Skip to main content

The American Energy Act

The Republicans have released the full text of their American Energy Act. You can read the whole thing here. We’ll note that it includes some points the Republicans have stressed since the last election: drill here drill now, strong favoring of domestic energy sources, disdain of regulation. But we’ll focus on a couple of points and let you explore it yourself.

First, the bill has a decidedly different philosophy from the Waxman-Markey bill now in mark-up. While that legislation aims to reverse climate change by making carbon emission reduction the centerpiece of government action, the Republicans focus much more on energy security and tapping domestic forms of energy. They even go further than this:

(a) IN GENERAL.—Section 302(g) of the Clean Air Act is amended by adding the following at the end thereof: ‘‘The term ‘air pollutant’ shall not include carbon dioxide, water vapor, methane, nitrous oxide, hydrofluorocarbons, perfluorocarbons, or sulfur hexafluoride.’’
(b) CLIMATE CHANGE NOT REGULATED BY CLEAN AIR ACT.—Nothing in the Clean Air Act shall be treated as authorizing or requiring the regulation of climate change or global warming.

It goes into the weeds more, as legislation will, but it’s hard to imagine a more thorough repudiation of the need for carbon emission reduction. This will likely become a highly contentious point.

Second, the legislation does go into more detail as to how it would spur industry to put up 100 new nuclear plants in 20 years – that is, to have them running instead of a mix of running plants, plants under construction and plant licenses under review. (This comes from the Summary; the bill’s language would make your head explode):

The bill reinforces a commitment to protect public health and safety while providing for an accelerated regulatory process for new nuclear applications where there is a design already certified by the Nuclear Regulatory Commission (NRC); a site already licensed for operating reactors; an operator in good standing with the NRC; and a full and complete Combined Operations and Construction License application. This bill also lowers construction costs by suspending import tariffs and duties on imported nuclear components for five years if there is no domestic manufacturer.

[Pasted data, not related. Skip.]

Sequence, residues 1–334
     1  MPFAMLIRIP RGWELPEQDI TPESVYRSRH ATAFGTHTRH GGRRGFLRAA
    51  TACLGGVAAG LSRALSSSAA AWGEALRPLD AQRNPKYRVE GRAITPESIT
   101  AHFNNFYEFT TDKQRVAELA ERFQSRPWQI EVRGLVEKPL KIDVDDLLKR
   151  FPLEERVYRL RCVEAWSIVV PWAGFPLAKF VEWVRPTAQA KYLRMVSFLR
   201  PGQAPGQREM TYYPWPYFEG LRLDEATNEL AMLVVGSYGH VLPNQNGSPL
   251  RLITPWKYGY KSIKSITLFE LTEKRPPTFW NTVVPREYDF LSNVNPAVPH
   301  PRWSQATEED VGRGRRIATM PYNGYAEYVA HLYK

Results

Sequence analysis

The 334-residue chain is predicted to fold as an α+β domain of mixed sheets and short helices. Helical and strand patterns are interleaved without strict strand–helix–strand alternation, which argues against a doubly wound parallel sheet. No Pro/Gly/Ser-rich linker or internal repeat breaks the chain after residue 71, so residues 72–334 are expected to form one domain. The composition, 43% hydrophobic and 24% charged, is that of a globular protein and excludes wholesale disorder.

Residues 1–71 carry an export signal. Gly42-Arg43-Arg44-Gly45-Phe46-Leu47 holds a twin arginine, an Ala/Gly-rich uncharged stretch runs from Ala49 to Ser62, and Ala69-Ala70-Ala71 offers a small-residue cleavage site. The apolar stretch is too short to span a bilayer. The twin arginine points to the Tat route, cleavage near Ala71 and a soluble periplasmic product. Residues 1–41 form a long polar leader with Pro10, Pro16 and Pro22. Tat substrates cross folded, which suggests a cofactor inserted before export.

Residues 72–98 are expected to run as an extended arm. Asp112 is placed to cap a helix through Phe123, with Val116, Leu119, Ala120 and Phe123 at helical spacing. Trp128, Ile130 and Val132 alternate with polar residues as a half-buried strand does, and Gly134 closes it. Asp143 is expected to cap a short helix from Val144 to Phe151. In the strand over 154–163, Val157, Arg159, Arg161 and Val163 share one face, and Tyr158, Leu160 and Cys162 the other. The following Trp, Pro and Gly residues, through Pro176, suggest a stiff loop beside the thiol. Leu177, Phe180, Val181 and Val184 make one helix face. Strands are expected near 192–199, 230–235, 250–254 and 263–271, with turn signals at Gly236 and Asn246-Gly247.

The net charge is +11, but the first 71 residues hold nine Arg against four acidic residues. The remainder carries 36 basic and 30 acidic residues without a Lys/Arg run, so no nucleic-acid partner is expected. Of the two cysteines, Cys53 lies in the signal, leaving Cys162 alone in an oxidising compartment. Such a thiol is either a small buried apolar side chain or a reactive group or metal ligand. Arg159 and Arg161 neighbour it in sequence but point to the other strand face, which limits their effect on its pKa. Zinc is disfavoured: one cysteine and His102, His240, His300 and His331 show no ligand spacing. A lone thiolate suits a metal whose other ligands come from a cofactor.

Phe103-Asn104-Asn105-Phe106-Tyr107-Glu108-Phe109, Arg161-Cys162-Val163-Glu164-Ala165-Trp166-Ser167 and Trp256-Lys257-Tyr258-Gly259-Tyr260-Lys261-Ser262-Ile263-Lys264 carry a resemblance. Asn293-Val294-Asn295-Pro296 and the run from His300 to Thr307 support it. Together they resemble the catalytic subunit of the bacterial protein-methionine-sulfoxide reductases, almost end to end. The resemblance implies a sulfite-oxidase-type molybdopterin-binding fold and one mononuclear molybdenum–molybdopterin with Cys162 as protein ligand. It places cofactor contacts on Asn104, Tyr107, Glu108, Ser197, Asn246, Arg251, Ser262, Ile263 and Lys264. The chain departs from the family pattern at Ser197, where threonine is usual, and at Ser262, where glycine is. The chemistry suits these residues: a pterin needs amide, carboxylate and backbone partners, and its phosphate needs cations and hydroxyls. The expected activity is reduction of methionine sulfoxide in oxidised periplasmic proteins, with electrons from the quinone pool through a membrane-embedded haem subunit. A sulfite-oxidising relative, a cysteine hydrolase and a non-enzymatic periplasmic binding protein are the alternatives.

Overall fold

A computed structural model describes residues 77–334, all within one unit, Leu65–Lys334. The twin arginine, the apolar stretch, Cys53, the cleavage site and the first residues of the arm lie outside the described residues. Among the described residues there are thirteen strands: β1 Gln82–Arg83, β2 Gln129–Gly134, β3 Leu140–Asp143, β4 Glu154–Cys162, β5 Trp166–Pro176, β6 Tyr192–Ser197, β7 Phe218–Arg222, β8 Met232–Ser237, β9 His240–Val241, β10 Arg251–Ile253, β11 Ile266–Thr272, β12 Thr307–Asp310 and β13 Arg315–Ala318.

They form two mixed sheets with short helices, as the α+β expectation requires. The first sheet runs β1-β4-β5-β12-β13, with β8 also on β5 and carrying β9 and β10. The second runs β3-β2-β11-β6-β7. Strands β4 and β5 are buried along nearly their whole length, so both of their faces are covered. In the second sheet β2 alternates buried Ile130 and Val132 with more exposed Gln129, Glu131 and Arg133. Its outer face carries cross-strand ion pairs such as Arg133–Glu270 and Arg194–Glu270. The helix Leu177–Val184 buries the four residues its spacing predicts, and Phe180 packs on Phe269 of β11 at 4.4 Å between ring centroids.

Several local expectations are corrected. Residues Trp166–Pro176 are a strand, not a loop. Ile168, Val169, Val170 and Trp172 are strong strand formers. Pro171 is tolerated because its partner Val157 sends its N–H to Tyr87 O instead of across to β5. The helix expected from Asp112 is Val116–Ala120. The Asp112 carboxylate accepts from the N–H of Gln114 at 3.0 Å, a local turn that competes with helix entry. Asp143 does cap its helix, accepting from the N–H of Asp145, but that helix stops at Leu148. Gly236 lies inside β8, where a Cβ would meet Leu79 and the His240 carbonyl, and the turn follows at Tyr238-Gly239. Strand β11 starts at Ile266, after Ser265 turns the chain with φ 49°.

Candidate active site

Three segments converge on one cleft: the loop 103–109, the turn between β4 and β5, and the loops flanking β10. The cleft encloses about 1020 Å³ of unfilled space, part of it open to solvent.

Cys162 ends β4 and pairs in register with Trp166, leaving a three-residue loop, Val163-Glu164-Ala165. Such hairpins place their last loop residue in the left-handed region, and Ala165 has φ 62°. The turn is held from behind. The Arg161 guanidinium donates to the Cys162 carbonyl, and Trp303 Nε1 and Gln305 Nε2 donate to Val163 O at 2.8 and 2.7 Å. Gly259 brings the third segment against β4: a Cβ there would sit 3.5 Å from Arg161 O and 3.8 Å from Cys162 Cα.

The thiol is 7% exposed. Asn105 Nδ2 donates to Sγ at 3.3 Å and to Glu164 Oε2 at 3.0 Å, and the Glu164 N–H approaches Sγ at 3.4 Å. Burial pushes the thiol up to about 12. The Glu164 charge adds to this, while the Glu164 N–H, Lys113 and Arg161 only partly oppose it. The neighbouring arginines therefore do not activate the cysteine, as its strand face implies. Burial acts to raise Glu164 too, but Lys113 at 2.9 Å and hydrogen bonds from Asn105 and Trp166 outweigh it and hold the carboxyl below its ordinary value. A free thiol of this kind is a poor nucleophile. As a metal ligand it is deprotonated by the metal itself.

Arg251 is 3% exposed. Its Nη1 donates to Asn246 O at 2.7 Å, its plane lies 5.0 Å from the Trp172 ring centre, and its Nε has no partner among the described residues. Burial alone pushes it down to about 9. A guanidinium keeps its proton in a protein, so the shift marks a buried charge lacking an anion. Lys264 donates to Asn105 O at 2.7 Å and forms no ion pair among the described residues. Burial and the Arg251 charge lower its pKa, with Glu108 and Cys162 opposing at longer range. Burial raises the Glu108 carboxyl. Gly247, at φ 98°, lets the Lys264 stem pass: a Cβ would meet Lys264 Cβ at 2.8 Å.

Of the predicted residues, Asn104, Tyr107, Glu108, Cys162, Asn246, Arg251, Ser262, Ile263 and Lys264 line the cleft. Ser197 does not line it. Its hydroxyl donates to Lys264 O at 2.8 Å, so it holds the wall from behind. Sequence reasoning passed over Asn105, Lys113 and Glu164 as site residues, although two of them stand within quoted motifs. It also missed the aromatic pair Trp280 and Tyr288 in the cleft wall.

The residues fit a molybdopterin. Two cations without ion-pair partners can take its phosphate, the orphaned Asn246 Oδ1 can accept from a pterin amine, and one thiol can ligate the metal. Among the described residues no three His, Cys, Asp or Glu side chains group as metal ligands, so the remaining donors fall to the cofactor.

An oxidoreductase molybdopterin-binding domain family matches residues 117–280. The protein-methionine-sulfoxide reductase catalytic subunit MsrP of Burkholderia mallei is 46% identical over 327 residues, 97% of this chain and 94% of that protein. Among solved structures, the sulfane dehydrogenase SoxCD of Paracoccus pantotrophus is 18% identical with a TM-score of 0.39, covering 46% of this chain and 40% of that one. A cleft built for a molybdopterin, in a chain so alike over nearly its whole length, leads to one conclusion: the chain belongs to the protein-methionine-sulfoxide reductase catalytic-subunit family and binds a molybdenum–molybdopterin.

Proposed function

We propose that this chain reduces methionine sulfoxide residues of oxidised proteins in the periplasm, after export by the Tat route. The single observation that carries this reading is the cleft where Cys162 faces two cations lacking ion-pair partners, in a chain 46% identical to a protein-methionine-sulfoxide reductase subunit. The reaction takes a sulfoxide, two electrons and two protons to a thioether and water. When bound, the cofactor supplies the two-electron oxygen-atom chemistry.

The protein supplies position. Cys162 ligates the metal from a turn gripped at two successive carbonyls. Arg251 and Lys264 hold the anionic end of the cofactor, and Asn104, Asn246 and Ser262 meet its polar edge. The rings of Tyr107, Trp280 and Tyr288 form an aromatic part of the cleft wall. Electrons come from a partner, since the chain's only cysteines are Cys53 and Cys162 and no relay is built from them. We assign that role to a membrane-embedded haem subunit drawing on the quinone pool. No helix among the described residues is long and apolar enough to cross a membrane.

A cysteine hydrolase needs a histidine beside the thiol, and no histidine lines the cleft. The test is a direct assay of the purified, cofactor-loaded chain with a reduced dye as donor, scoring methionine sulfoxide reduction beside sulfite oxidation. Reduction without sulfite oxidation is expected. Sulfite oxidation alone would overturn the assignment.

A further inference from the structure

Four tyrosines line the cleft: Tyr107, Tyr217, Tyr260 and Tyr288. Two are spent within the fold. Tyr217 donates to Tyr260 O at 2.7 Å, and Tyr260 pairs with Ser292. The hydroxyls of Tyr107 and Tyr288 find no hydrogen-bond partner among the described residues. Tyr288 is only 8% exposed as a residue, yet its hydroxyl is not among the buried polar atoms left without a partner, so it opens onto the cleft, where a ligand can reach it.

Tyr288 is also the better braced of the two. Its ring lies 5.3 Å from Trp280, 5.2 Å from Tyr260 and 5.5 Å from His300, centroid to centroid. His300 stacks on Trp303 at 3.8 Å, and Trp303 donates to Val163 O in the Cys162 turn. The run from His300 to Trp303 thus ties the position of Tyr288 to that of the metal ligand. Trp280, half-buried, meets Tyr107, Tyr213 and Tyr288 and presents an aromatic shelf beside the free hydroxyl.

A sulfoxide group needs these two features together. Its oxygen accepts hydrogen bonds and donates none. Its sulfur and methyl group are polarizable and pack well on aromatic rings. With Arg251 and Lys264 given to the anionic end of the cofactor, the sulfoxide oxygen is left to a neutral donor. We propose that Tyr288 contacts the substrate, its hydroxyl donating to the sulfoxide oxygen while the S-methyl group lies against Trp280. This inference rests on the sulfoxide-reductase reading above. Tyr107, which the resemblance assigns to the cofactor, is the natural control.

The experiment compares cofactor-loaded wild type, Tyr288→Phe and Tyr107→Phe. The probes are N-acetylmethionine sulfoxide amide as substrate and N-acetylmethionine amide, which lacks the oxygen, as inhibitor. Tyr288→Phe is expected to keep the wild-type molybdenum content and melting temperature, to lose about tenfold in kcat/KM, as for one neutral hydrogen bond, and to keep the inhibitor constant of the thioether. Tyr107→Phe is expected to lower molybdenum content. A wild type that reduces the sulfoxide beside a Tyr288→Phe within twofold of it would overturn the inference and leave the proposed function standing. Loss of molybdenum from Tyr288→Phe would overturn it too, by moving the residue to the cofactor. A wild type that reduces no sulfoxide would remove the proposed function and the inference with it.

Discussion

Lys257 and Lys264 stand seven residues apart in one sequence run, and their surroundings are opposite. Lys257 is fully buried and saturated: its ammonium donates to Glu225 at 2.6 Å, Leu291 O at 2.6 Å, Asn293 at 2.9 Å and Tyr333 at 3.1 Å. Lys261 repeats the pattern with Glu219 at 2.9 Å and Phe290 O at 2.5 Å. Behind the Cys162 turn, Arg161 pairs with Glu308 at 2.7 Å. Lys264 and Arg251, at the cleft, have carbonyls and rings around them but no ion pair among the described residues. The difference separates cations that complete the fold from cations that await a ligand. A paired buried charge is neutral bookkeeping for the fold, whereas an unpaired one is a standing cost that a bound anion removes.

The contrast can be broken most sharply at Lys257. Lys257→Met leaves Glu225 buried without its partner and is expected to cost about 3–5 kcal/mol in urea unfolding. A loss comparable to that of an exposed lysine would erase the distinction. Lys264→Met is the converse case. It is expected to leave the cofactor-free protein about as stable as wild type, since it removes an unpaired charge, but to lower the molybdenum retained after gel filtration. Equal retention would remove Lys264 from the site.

That takes care of licensing, but we couldn’t find anything about loan guarantees – presumably, the tariff reduction would cover some of the plant cost. The government would make direct loans for coal-to-liquid projects and advanced battery technology for cars (actually a contest with a cash prize for the latter), but we didn’t see anything about nuclear in these sections.

Some other nuclear provisions:

  • streamline the NRC licensing process for new reactors
  • direct NRC to develop a certification schedule for innovative reactor designs
  • create a National Nuclear Energy Council to coordinate federal government policy
  • direct the NRC to review the Yucca Mountain repository license application
  • allow money from the Nuclear Waste Fund to be used to develop used nuclear fuel recycling technology
  • direct DOE to audit its stockpile of surplus uranium and create a uranium reserve to be used should traditional supplies be disrupted

The American Energy Act is a thoroughgoing attempt to create (at least) a framework of a bill that could be filled out with much more detail. We suspect the repudiation of climate change will invalidate it for many voters – there are some EPA provisions here that will cause problems, too – but it’s worth a read alongside the Waxman-Markey bill to see where compromises might be found.

Comments